Traditiaonlly disfavored, could not rest criminal conviction on circumstantial evidence alone 39

Neuborne: False dichotomy 39

Spectrum of probability based on how likely evidence is telling us something meaningful about what we are trying to prove 39

Circumstnatial evidence charge would result in acquittals mso tof the time it is given, but does not actually happen because juries ignore it 39

Reliance on statistics 39

Purest of circumstantial evidence 39

Information about a group that an individual belongs to 39

Could be actually an incorrect association – easy to deal with 39

Ignore it 39

But, What if group statistics are accurate? 39

Life expectancy based on race or gender 39

Raises issues for life insurance premiums, pension payments 39

Higher for blacks because they will collect sooner 39

Lower for women because they will collect for longer 39

Issues 39

Causation and correlation 39

Forward looking 39

Backward looking? 39

How fine a group to you draw? 39

Bright line between future and past 39

Reasons to Use Statistics 39

Predictive Judgment 39

How long will someone live? How will a juror vote? 39

Neuborne: strongest argument 39

Commonly used, except when it violates our right to determine our own sense of self 39

Motive for past Action 39

Crime was racially motivated 39

Deviation from statistical norm to infer racially biased action 39

Causation of past action 39

Harder 39

Pharmaceutical suits 39

Correlation between taking a drug and existence of birth defects 39

Can you use statisticl correlation to satisfy production burden so you can reach the jury? 40

Otherwise Judge will dismiss the case 40

Issue with correlation not being the cause. 40

Proof that past act actually occurred 40

Hardest 40

Hillmon 40

Can’t use hearsay to say what happened in the past 40

Evidence of prior Wrongdoing 41

Risks 41

1st Level: If they hunker down and don’t say anything, risk that past will come to haunt them 41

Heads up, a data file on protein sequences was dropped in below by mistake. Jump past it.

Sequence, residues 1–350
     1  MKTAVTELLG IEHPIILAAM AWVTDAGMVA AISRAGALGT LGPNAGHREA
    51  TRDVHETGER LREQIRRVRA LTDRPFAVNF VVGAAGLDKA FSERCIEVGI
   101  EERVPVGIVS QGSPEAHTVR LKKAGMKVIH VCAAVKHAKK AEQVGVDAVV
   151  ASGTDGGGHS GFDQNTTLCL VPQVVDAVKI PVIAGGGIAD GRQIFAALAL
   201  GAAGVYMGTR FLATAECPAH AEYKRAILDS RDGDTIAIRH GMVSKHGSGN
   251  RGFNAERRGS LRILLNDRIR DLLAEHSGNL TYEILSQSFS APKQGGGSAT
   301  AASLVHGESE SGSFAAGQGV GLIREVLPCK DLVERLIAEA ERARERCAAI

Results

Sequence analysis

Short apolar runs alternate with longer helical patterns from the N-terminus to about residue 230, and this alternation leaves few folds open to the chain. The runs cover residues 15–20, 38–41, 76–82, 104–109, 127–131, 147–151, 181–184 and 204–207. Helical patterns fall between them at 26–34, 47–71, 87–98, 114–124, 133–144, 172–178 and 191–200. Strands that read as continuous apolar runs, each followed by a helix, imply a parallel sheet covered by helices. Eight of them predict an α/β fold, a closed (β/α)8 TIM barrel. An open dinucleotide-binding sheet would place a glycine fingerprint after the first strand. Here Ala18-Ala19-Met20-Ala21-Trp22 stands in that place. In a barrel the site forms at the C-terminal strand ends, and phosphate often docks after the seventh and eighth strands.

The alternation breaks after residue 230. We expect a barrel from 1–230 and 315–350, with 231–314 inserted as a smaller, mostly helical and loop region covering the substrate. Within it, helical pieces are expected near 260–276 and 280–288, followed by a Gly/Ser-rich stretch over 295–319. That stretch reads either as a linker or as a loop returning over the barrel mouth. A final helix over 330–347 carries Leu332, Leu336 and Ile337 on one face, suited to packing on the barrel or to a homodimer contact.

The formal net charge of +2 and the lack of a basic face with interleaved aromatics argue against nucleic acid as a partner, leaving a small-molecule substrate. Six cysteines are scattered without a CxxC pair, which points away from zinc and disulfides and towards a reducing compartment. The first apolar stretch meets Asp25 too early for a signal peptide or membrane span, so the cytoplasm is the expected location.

2nd Level: If testify, what level of risk is there with past coming out in cross? 41

3rd level: when defendant opens door 41

tries to use past to help him/her 41

Character Evidence 43

Prior Similar Acts 44

C in Mimic: common course of Conduct 44

Dallas Railway 44

Evidence of behavior on the same ride was allowed in because it was all part of the same conduct 44

Johnson v. Elk Lake 44

Prior alleged sexual assault properly kept out because of uncertainty regarding intentionality, dissimilarities between acts, and isolated nature of incident 44

Habit and Custom 45

Halloran v. Virginia Chemicals 45

Ok to admit evidence of habit when using Freon 45

Issue of impeachment 45

You can’t prove impeachment for collateral fact 45

This is not a collateral fact 45

Can only impeach with habit testimony 45

Not a general showing of character 45

Actual specific behavior 45

Need to connect and have sufficient quantity 45

Neuborne: doesn’t seem to be difference between civil and criminal standard for this in the rules of evidence 45

Evidence Outline

  • Model of Law

    • Syllogism

      • Major premise: rule of law

        • Determined by substantive law

        • To be discovered

      • Minor Premise: facts

        • Objective reality to be discovered.

        • Domain of Evidence law: figuring out the minor premise

          • Must assume:

            • Objective reality exists, and

            • Knowable by humans

      • Hard to close the syllogism with certainty

    •  use burdens of proof and production to manage uncertainty and deflect error.